President Donald Trump’s breakup with his former chief strategist Steve Bannon had all the stuff of a good telenovela: insults aimed at family members, sniffy one-upmanship, charges and countercharges of treason and insanity. It could also carry consequences for Trump’s economic agenda.
The president stands on the threshold of pushing forward on two fronts — infrastructure and trade — that helped define his populist campaign.
But he’ll cross it with his populist bona fides in tatters. Trump is touting a new tax law that distributes the bulk of its benefits to the wealthy and well-connected. And he’s got the poll numbers to show for it, closing the year with the lowest approval rating of any new president in modern history.
What would be different if Trump had kept Bannon in the fold?
At the time Bannon left in August, he was leaning on the president to embrace a soak-the-rich strategy for his signature tax overhaul. He wanted the measure to jack up the top marginal rate for the highest-income earners to pay for a deeper cut focused on the working and middle classes.
Congressional Republicans, having settled on a strategy to marginalize Democrats, were never likely to go along (and it’s unclear Trump would have embraced such a strategy). And the circumstances of Bannon’s exit — amid the firestorm after Trump equivocated on the white supremacist rally in Charlottesville — helped stiffen Democratic resolve against working with his administration.
Yet, there’s no question the Trump officials whom Bannon derided as globalists, namely Treasury Secretary Steven Mnuchin and chief economic adviser Gary Cohn, are ascendant in his absence. Per Axios, the two are trying to contain the president’s protectionist instincts as he confronts a slew of decisions on trade matters and tariffs. And the calls will be Trump’s to make, as The New York Times’s Ana Swanson reports:
“In 2018, Mr. Trump will have several opportunities to punish foreign rivals as the final decider in a series of unusual trade cases that were initiated last year. These cases, which were brought under little-used provisions of trade laws, give the president broad authority to impose sweeping tariffs or quotas on foreign products.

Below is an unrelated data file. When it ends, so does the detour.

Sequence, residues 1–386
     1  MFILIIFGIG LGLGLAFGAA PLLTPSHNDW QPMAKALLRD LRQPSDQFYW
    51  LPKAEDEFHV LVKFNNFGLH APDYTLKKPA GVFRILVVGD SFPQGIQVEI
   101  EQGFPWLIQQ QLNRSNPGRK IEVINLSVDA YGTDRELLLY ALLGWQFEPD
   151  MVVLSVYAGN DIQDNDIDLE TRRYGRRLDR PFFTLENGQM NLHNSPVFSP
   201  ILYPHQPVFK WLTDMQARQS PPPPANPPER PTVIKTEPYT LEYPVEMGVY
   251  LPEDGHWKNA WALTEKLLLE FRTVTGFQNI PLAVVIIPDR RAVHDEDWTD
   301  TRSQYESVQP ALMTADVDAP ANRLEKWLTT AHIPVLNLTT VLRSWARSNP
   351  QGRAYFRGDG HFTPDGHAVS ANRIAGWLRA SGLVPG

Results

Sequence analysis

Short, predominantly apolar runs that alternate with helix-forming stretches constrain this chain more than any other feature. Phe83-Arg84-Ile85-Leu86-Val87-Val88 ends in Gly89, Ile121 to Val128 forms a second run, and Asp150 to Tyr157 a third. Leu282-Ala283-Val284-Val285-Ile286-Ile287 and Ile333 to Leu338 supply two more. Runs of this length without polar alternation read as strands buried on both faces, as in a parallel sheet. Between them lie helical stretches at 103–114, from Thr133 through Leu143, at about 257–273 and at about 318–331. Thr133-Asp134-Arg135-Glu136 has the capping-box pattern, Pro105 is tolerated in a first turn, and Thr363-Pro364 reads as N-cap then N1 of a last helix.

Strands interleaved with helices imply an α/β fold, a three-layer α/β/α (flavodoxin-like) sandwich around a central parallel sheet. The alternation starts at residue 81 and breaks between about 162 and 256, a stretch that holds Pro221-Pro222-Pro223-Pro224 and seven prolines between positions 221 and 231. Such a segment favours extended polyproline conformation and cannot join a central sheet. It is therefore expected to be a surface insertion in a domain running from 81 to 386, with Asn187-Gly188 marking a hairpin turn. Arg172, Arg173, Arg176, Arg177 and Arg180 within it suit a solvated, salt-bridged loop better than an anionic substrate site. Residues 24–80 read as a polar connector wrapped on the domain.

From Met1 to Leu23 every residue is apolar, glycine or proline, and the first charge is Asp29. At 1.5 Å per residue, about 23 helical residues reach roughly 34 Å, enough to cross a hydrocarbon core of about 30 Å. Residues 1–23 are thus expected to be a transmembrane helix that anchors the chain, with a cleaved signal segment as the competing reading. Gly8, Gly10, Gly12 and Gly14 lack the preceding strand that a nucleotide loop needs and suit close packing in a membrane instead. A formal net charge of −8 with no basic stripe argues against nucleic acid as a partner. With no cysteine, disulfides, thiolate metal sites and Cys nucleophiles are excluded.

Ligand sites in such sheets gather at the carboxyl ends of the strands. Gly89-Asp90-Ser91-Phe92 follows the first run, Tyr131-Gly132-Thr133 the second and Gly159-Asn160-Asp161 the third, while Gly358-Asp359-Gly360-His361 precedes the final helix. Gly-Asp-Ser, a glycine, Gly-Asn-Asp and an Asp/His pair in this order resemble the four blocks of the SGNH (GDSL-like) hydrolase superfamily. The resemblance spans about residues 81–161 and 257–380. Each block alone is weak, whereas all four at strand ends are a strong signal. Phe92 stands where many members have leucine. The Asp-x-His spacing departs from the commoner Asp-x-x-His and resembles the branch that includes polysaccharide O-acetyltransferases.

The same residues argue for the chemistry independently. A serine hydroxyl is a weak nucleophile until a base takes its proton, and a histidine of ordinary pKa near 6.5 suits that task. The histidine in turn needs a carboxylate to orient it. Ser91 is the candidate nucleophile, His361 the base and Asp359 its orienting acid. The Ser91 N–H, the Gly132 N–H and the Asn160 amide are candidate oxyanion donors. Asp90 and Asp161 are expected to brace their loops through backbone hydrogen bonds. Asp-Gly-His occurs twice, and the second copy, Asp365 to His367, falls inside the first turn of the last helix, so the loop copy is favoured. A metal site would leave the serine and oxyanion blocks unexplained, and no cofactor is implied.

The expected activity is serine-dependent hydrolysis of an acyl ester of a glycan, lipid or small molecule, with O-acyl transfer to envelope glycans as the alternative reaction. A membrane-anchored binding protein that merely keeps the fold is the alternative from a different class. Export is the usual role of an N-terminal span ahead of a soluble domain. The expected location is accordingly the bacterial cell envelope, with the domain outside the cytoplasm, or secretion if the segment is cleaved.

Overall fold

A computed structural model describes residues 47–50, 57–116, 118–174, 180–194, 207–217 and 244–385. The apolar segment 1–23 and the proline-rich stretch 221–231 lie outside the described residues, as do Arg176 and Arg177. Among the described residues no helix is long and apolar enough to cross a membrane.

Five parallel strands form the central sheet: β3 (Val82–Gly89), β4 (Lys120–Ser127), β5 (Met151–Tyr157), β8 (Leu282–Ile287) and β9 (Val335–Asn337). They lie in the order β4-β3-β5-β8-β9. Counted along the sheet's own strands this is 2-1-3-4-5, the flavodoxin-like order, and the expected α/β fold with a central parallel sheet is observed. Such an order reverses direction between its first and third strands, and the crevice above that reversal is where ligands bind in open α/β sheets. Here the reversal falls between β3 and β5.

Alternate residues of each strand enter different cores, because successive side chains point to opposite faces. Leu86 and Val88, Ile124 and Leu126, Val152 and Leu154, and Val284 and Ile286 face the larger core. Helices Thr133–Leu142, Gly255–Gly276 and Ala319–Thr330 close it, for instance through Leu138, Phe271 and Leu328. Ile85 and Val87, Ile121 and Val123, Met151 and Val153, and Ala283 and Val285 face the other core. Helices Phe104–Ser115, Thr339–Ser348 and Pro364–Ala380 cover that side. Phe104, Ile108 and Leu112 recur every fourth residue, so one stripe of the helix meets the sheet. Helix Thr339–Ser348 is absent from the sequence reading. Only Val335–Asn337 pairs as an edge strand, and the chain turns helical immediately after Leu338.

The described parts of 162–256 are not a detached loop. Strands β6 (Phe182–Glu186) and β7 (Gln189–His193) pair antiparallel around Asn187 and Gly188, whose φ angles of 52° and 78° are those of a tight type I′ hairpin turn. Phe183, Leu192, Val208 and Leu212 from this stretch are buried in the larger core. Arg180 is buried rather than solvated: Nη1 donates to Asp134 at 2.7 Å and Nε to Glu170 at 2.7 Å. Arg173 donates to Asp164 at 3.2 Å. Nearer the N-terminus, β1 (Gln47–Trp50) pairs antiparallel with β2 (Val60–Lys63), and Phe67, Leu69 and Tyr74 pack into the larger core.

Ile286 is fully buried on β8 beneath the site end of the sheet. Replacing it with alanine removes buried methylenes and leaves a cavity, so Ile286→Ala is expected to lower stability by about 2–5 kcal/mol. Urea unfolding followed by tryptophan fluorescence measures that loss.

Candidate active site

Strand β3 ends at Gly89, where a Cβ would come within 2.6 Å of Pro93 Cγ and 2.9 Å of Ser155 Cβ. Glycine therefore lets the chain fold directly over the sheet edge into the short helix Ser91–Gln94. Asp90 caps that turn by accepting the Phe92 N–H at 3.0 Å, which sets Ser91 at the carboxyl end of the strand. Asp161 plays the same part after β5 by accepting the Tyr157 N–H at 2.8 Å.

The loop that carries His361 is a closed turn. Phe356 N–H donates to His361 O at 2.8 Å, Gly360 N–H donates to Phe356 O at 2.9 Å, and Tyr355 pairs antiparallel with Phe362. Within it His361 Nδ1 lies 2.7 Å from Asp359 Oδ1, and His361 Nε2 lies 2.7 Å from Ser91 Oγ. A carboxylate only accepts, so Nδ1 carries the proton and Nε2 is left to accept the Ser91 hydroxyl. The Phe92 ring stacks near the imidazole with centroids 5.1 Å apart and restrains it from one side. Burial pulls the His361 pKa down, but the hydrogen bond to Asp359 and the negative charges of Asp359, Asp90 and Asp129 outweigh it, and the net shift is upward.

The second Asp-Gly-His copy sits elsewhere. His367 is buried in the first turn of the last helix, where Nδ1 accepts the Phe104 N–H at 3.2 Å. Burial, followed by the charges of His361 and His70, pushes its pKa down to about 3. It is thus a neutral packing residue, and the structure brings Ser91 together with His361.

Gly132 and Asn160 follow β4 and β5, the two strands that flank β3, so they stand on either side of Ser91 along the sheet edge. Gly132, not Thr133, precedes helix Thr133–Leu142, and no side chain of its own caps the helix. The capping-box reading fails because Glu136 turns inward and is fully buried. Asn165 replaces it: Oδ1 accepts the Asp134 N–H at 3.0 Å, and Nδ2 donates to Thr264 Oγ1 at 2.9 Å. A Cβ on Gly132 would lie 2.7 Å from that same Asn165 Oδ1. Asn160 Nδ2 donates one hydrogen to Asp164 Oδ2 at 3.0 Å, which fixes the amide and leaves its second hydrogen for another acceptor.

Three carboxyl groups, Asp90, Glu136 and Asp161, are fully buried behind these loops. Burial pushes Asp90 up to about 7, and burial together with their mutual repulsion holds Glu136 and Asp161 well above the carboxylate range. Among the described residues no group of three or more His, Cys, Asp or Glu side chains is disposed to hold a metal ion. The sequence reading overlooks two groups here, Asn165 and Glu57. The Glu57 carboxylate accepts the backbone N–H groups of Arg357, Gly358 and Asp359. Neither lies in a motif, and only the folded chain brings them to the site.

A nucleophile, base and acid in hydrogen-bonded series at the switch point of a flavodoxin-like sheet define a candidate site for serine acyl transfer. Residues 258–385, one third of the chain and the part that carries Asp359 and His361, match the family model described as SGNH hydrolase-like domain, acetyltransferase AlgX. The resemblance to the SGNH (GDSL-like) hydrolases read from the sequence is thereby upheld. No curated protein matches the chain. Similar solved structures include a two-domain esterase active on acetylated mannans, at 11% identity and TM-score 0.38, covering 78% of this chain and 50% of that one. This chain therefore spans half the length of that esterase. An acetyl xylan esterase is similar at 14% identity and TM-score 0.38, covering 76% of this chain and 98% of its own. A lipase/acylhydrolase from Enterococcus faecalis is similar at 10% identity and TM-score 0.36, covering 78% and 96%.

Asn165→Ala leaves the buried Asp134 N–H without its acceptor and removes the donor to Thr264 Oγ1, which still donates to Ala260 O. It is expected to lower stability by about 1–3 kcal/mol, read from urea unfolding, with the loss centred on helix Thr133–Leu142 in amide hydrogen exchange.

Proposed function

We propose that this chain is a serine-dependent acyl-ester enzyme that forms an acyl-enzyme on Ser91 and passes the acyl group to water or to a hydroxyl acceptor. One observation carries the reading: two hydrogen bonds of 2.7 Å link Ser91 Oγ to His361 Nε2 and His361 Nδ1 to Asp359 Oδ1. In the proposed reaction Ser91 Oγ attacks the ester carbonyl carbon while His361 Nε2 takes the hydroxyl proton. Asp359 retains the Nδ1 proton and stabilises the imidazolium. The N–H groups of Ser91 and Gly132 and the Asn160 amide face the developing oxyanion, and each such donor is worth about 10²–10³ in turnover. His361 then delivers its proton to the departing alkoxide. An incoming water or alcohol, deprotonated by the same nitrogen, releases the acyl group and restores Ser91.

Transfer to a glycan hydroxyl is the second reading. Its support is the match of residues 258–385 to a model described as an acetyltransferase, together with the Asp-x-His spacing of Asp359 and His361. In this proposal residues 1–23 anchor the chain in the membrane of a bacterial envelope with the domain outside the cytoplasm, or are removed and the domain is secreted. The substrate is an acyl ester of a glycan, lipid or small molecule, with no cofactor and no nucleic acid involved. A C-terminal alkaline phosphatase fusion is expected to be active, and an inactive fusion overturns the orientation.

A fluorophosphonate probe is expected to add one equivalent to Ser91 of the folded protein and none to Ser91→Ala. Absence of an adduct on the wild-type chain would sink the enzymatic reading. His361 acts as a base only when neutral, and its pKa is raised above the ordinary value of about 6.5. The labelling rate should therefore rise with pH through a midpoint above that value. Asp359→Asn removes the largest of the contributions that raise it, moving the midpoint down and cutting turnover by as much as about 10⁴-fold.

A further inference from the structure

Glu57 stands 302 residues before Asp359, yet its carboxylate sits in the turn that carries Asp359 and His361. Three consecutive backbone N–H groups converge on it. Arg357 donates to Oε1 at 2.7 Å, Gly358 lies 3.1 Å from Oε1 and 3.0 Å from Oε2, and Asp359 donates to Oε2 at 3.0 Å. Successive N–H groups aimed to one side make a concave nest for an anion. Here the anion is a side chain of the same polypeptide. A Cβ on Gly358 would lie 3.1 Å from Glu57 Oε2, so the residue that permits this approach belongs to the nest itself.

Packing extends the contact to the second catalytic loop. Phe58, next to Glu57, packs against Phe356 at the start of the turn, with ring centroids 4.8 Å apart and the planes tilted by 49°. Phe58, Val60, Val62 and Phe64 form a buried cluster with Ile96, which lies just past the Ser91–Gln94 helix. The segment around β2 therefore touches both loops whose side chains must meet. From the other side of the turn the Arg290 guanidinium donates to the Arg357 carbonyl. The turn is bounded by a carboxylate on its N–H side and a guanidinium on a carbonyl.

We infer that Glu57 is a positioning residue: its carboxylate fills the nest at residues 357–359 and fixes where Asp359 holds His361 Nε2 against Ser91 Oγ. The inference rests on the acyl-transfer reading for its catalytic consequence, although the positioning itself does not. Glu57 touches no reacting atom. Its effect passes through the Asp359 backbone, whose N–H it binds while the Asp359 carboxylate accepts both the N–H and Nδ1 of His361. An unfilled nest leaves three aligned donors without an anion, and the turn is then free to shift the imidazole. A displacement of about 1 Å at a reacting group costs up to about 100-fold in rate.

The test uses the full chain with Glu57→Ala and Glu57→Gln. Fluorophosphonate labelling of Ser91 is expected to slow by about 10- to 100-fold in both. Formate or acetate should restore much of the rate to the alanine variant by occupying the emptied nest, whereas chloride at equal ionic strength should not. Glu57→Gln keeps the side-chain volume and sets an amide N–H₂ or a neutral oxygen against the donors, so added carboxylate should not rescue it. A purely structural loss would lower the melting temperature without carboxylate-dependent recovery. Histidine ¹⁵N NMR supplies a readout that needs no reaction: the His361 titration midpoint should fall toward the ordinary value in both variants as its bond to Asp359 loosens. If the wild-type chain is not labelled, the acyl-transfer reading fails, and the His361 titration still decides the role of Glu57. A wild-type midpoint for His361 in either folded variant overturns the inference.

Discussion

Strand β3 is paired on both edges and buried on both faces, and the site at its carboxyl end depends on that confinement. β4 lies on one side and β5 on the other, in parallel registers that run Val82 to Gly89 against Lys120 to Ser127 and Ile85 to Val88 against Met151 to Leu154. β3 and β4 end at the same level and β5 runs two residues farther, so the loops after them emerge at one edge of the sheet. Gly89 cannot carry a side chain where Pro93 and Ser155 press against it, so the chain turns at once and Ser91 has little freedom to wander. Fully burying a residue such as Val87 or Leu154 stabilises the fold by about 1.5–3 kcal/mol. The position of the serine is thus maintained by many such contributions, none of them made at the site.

“The United States has numerous other routine trade cases in the works — like Boeing’s fight with the Canadian plane maker Bombardier. But the ones heading to Mr. Trump’s desk are unique because they fall to the president alone, rather than career bureaucrats, to decide …
“The president has long hammered China for taking advantage of the United States on trade, and threatened to impose penalties as a result. Now, with a special investigation on China drawing to a close, he appears to have his chance … The results of the investigation aren’t due until August, but trade analysts say they could arrive within weeks. They suggest that the administration might consider restrictions on Chinese investment in the United States, as well as tariffs on Chinese products.”
Trump’s administration is also putting the finishing touches on a major infrastructure proposal. Sources briefed on the plan say it will call for investing $200 billion, with half of that directed toward incentivizing state and local governments to find new resources for public works. The proposal will also earmark $50 billion in block grants for rural infrastructure, such as expanding broadband access; another $25 billion would go toward big, complex projects such as replacing the Brent Spence Bridge, which connects Cincinnati to Covington, Kentucky; and the last $25 billion would go toward projects with innovative forms of financing.
Major business groups are gearing up to push for the proposal. Whether it will draw similarly enthusiastic support from labor unions remains to be seen. Targeting those traditionally Democratic allies was a priority of Bannon’s from the administration’s early days.
As Michael Wolff reports in the forthcoming book, the president at the time bristled at the suggestion the idea wasn’t his own, a sore spot revealed during a lunch with MSNBC host Joe Scarborough:
“After Jared and Ivanka joined them for lunch, Trump continued to cast for positive impressions of his first week. Scarborough praised the president for having invited leaders of the steel unions to the White House. At which point Jared interjected that reaching out to unions, a Democratic constituency, was Bannon’s doing, that this was ‘the Bannon way.’
“‘Bannon?’ the president said, jumping on his son-in-law. ‘That wasn’t Bannon’s idea. That was my idea. It’s the Trump way, not the Bannon way.’”
It isn’t clear how far the Trump administration’s infrastructure proposal would go toward specifying its preferred financing mechanisms for new projects. But the United Steelworkers, for one, is making clear that it opposes the public-private partnership model still under consideration.
“We just passed a huge tax cut that will substantially further the country’s debt. Despite that, the country is in dire needs of massive infrastructure investment,” USW International Vice President Tom Conway said in a statement. “Making these repairs is the function of government and a good way to put hard working Americans to work. Any proposal to privatize funding of these projects would be another way to make the rich richer and stick working Americans with the bill.”
They may have other options.
For one, an odd-bedfellows coalition of bipartisan sponsors — organized by Sam Geduldig, a Republican lobbyist at CGCN Group, and Mike Williams, a Democratic lobbyist with the Williams Group — is preparing to offer its own proposal that takes a more recognizably populist approach.
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